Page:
Carriage bolts are used to fasten wood to wood, wood to metal and metal to metal. They are a member of the round head bolt family and commonly have a “circular head with a low rounded top surface and flat bearing surface, and an integrally formed square neck under the head.” Found on chain link fences and often on patio furniture and swing sets made of wood, carriage bolts are also known as: carriage screws, round head square neck bolts, coach bolts; shaker screen bolts (when fully threaded). Since the head is designed not to turn, they are usually tightened by torquing a nut. However, they can be used with an internally threaded (tapped) hole and tighten by turning the carriage bolt’s square neck, if accessible.
Threads are standard right-hand and Unified inch coarse series (UNC, Unified National Coarse). Lengths of 6″ and shorter are usually fully threaded; lengths longer than 6″ are partially threaded.
Typically, carriage bolt sizes range from #10 to 3/4″ in diameter while lengths span from about 1/2″ to 20″—only larger sizes are available in long lengths. Measure length from under the head to the threaded end of the bolt.
Head diameter is roughly twice the size of the bolt or, for smaller sizes, a little more than double. The width across flats of the square neck is about the size of the bolt. Table 1 lists head diameter and height, and square neck width and depth.
Grades 2 and 5, steel, and stainless steel, are the most prevalent types of carriage bolts.
Common finishes for Grade 2 are zinc plating and hot dip galvanizing, and zinc plating for Grade 5. Zinc, the most popular and least expensive commercial plating, offers moderate corrosion resistance. Hot dip galvanized is a thick coating of zinc that protects against corrosion in harsh environments. Stainless steel, though, is a better choice when corrosion is of concern. Hot dip galvanized and stainless steel are usually recommended if the bolts (less than 1/2″ in diameter) will be used with pressure preservative treated wood such as “ACQ” (Alkaline Copper Quaternary)—check local building codes and contact your lumber supplier for recommendations.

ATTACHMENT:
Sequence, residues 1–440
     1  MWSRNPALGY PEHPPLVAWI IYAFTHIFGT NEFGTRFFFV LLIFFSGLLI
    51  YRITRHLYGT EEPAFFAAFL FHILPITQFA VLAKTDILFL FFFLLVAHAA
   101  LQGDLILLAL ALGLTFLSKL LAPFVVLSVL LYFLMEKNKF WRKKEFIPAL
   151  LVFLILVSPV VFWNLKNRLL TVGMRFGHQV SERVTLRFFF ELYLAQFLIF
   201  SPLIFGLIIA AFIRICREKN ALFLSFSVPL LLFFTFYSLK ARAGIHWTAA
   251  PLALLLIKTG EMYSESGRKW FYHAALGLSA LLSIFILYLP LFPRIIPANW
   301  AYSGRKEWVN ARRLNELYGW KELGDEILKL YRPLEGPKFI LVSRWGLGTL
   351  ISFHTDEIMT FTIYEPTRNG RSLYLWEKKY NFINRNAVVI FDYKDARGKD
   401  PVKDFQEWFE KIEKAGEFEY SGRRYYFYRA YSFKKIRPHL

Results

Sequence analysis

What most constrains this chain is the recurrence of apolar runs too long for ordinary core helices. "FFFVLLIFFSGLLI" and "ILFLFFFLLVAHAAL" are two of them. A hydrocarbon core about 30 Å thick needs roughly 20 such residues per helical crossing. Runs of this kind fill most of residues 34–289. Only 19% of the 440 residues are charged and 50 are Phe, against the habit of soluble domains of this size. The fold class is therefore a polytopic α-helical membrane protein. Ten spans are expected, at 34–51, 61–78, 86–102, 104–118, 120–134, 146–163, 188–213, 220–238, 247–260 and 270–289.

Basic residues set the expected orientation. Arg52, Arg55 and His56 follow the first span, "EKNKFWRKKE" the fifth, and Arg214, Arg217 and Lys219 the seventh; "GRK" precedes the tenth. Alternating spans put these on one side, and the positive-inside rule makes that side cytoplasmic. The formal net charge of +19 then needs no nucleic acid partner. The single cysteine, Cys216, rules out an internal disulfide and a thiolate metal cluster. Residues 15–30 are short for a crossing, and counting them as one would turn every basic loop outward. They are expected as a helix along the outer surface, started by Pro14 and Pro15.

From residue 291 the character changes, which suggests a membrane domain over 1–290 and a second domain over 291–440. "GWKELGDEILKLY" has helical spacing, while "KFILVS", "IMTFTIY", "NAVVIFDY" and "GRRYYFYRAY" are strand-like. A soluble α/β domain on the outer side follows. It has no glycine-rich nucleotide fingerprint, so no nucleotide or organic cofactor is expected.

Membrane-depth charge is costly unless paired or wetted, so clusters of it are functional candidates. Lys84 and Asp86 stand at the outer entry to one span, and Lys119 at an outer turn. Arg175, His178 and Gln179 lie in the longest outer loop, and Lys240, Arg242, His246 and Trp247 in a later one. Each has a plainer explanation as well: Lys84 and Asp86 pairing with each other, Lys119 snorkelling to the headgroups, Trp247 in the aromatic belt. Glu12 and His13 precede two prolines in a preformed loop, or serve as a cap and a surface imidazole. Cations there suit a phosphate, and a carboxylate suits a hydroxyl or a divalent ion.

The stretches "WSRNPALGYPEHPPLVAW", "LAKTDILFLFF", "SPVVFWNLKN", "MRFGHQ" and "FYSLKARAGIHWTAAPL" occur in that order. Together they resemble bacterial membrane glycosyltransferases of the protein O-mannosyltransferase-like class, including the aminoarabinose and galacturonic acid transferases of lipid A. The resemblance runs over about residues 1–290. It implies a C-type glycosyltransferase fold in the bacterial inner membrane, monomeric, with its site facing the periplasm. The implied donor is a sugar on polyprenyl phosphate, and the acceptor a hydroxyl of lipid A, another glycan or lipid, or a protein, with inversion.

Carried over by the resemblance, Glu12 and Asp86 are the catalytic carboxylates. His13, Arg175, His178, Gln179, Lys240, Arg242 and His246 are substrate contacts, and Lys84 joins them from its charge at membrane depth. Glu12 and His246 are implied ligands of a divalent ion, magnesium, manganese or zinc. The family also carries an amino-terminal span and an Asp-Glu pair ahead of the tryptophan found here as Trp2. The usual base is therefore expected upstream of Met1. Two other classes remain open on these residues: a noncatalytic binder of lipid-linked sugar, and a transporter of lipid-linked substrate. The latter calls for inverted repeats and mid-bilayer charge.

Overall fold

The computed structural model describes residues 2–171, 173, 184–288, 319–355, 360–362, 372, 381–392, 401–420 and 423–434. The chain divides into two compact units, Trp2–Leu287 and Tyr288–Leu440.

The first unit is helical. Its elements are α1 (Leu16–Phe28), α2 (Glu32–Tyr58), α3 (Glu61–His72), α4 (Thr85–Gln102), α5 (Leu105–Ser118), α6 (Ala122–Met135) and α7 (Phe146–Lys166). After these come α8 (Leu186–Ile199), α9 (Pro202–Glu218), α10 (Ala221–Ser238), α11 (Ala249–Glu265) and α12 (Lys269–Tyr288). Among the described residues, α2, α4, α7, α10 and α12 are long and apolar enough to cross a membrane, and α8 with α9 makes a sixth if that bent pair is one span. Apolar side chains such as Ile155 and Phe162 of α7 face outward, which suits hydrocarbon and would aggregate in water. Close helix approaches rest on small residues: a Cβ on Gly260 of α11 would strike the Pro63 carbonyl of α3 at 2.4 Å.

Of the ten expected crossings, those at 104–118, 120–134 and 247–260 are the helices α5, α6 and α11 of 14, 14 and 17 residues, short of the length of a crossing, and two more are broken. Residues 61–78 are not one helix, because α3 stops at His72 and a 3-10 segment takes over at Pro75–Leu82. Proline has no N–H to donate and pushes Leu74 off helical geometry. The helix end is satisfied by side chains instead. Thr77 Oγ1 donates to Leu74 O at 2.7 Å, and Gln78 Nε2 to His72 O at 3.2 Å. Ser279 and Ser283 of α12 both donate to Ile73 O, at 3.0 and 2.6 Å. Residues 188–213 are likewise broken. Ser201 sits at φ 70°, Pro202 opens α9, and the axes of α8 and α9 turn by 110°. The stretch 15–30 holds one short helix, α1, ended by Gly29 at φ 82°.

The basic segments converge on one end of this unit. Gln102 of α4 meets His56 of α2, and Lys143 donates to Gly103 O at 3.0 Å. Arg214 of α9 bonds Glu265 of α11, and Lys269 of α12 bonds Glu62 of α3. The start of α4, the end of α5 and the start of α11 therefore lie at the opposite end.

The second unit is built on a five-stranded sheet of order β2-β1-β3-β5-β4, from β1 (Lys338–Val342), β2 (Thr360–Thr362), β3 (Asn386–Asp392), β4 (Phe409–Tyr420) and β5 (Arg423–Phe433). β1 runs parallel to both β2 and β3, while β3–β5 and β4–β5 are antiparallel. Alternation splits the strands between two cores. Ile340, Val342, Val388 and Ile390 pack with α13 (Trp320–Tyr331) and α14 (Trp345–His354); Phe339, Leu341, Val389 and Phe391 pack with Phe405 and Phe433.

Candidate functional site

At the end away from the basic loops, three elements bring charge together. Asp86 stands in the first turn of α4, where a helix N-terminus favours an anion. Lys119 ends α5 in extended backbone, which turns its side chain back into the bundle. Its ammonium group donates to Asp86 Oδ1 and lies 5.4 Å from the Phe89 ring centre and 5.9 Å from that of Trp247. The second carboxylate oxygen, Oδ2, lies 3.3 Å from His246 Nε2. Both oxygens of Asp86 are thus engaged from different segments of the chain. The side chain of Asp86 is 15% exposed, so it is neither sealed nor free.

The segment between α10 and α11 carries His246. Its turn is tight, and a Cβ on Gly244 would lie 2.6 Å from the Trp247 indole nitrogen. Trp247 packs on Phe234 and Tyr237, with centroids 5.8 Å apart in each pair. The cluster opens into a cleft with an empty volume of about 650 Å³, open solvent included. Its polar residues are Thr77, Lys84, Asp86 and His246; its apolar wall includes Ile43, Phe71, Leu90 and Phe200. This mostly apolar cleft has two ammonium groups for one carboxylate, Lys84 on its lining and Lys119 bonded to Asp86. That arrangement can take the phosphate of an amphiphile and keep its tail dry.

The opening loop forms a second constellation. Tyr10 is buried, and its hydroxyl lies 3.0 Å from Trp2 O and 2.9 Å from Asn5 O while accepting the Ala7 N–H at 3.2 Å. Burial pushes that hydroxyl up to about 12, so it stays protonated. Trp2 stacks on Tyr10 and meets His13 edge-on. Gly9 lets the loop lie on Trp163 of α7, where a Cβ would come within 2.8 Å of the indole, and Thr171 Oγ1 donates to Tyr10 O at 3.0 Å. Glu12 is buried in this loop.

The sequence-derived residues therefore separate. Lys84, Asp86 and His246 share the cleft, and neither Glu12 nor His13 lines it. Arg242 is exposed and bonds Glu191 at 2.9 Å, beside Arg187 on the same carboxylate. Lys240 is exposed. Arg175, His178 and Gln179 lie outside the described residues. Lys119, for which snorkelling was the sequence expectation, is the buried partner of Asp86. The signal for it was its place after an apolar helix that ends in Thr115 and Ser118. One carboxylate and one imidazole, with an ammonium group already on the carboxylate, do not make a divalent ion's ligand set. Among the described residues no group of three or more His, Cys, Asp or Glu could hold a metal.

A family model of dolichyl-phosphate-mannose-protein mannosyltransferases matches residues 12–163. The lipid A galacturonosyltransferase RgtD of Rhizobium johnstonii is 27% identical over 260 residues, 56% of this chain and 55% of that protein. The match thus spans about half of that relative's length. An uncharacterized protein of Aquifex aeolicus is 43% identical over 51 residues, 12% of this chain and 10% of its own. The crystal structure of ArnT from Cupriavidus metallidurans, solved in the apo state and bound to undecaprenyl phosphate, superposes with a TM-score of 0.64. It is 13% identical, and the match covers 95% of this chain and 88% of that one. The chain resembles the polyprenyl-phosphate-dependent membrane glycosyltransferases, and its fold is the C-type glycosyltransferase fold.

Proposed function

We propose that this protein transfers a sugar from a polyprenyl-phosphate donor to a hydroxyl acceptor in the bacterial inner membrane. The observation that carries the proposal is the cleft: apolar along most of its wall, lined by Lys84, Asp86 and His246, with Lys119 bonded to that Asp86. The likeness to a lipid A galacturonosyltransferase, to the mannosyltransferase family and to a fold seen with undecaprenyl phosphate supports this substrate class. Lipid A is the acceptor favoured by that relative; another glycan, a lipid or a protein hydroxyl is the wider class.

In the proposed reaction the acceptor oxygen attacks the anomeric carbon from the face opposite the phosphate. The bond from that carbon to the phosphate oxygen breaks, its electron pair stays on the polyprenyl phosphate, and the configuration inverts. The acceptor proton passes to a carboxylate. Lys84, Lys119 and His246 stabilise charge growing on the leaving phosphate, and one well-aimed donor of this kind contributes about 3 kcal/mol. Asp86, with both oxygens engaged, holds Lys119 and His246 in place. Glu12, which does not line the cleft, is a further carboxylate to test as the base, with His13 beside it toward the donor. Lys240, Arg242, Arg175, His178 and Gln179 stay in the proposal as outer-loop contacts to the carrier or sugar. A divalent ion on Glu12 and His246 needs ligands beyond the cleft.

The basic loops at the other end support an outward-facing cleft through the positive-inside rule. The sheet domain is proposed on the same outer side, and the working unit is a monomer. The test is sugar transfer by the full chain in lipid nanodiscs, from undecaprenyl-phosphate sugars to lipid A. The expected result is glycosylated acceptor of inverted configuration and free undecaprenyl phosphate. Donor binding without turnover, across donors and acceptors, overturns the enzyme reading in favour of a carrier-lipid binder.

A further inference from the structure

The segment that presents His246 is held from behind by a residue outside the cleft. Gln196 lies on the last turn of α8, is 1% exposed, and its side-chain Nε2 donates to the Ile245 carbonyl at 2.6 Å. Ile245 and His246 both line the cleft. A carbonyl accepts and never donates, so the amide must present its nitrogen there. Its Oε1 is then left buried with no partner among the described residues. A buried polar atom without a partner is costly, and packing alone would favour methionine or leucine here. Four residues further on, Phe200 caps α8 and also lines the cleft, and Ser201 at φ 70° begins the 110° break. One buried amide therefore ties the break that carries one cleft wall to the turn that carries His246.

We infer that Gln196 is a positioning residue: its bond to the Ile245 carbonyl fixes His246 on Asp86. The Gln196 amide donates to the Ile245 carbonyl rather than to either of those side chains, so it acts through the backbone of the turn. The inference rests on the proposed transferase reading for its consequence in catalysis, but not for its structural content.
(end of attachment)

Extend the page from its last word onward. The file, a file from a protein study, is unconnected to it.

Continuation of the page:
The square neck prevents the bolt from turning as the nut is tightened. Consequently, access to the head is not needed so it can be installed in a counterbored (flat bottom) recess, if desired. When used with soft wood, one source suggests drilling the hole the same size as the carriage bolt’s shank to ensure a tight fit for the square neck; use a “soft” hammer or mallet to drive the bolt into position and prevent damage to its finish. In hardwood, a slight counterbore for the neck is sometimes needed to prevent the wood from splitting and to ensure that the head will pull down flush. Metal parts, such as chain link fence tension and brace bands, are often square punched to accommodate the square neck, which prevents bolt rotation.